It has been demonstrated that the use of topical antioxidants can contribute to controling the free radicals excess produced by ultraviolet (UV) irradiation of the skin, being beneficial for processes such as photo aging and eventually cancer. Some plant extracts, particularly because of their polyphenolic constituents, can be beneficial for skin photo damage.
Plant extracts of Achyrocline satureioides (AS) and Epilobium parviflorum (EP), potent antioxidant medicinal plants, were mixed with a cosmetic base and applied to the back skin of rabbits. Afterwards the skin was exposed to 1 h of UV irradiation from a known source. The production of the hydroxyl (OH·) radical was assessed in the skin after UV by measuring 2,3-dyhydroxybenzoic acid (2,3-DHBA), produced by the hydroxylation of sodium salicylate, previously injected intracutaneously (i.c.) in the irradiated areas.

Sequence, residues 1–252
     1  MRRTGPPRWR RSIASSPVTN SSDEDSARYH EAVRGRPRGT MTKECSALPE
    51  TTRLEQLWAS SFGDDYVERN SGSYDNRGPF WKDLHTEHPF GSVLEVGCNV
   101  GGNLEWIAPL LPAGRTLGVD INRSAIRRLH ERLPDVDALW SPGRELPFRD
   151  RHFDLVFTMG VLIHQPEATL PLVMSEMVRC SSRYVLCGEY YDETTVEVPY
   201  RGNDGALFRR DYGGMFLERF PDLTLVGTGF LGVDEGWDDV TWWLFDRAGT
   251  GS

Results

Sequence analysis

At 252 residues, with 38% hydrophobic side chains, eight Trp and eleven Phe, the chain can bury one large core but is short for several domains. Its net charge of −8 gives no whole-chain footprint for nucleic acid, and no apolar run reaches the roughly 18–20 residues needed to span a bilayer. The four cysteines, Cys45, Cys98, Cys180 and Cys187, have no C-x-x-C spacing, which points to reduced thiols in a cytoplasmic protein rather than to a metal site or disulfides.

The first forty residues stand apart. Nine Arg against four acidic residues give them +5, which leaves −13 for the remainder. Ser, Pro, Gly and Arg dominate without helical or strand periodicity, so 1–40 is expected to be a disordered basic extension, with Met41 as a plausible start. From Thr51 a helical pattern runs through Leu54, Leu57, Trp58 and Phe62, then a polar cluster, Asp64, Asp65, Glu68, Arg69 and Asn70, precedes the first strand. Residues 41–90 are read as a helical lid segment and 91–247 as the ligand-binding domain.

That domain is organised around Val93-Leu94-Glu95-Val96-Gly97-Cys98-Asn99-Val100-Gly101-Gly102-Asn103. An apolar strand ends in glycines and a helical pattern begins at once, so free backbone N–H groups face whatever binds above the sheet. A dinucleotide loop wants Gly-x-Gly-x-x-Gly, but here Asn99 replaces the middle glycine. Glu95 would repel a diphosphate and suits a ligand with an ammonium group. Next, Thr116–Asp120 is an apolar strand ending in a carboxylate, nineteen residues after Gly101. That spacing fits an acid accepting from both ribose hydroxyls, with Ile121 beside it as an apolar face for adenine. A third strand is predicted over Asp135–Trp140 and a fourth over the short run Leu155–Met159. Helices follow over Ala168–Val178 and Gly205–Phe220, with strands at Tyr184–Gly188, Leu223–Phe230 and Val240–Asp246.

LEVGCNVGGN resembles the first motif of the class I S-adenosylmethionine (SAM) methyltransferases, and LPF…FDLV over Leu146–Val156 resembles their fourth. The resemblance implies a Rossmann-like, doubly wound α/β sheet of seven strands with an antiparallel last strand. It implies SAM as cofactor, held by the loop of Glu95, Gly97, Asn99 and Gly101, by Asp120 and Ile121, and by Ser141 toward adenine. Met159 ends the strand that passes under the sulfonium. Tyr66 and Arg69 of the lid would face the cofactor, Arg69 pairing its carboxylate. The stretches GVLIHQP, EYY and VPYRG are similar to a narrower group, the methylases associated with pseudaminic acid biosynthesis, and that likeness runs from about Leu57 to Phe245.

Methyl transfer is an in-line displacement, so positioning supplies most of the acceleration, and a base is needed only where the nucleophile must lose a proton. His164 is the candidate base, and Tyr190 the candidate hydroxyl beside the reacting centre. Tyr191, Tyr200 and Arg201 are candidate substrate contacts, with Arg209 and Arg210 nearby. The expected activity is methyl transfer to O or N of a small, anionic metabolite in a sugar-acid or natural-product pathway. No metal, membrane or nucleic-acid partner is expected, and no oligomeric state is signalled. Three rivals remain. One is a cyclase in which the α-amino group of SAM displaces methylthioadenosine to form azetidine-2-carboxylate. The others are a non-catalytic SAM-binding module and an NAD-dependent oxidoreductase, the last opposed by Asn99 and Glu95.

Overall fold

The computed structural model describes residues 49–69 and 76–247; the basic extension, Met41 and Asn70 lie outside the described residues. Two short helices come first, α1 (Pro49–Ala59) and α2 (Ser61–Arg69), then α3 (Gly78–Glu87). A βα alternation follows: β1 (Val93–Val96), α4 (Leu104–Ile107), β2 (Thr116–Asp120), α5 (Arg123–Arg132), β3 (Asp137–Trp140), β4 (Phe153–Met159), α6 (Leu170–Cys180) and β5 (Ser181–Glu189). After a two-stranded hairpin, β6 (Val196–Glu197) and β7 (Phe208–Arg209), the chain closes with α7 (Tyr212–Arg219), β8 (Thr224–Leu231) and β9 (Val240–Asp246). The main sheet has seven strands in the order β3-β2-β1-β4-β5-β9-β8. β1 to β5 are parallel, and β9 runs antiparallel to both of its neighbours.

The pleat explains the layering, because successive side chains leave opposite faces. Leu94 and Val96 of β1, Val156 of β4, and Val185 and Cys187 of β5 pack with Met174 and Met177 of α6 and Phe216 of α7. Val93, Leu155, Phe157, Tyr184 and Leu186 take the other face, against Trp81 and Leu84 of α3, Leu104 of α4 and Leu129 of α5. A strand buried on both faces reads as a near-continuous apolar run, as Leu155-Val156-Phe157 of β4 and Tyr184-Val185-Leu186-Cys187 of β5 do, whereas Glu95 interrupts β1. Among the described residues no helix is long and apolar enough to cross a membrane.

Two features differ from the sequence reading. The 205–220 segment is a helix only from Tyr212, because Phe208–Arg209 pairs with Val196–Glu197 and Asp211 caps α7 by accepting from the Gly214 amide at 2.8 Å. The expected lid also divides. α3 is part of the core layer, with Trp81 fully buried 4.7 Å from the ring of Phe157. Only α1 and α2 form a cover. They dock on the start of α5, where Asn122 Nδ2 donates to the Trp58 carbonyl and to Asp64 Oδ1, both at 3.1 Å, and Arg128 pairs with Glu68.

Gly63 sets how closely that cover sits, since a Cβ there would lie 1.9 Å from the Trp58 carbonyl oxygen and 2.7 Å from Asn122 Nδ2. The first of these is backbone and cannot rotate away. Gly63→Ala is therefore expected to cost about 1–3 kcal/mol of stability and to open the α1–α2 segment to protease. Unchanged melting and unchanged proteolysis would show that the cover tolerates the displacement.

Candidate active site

The UV provoked a marked increase in 2,3-DHBA that was significantly decreased by the AS cosmetic preparation. The EP extract did not show any effect on 2,3-DHBA production. It is concluded that the cosmetic preparation containing the AS extract is able to scavenge OH production likely to be due to the presence of high concentrations of flavonoid aglycones such as quercetin, luteolin and 3-O-methylquercetin. Copyright © 2005 John Wiley & Sons, Ltd.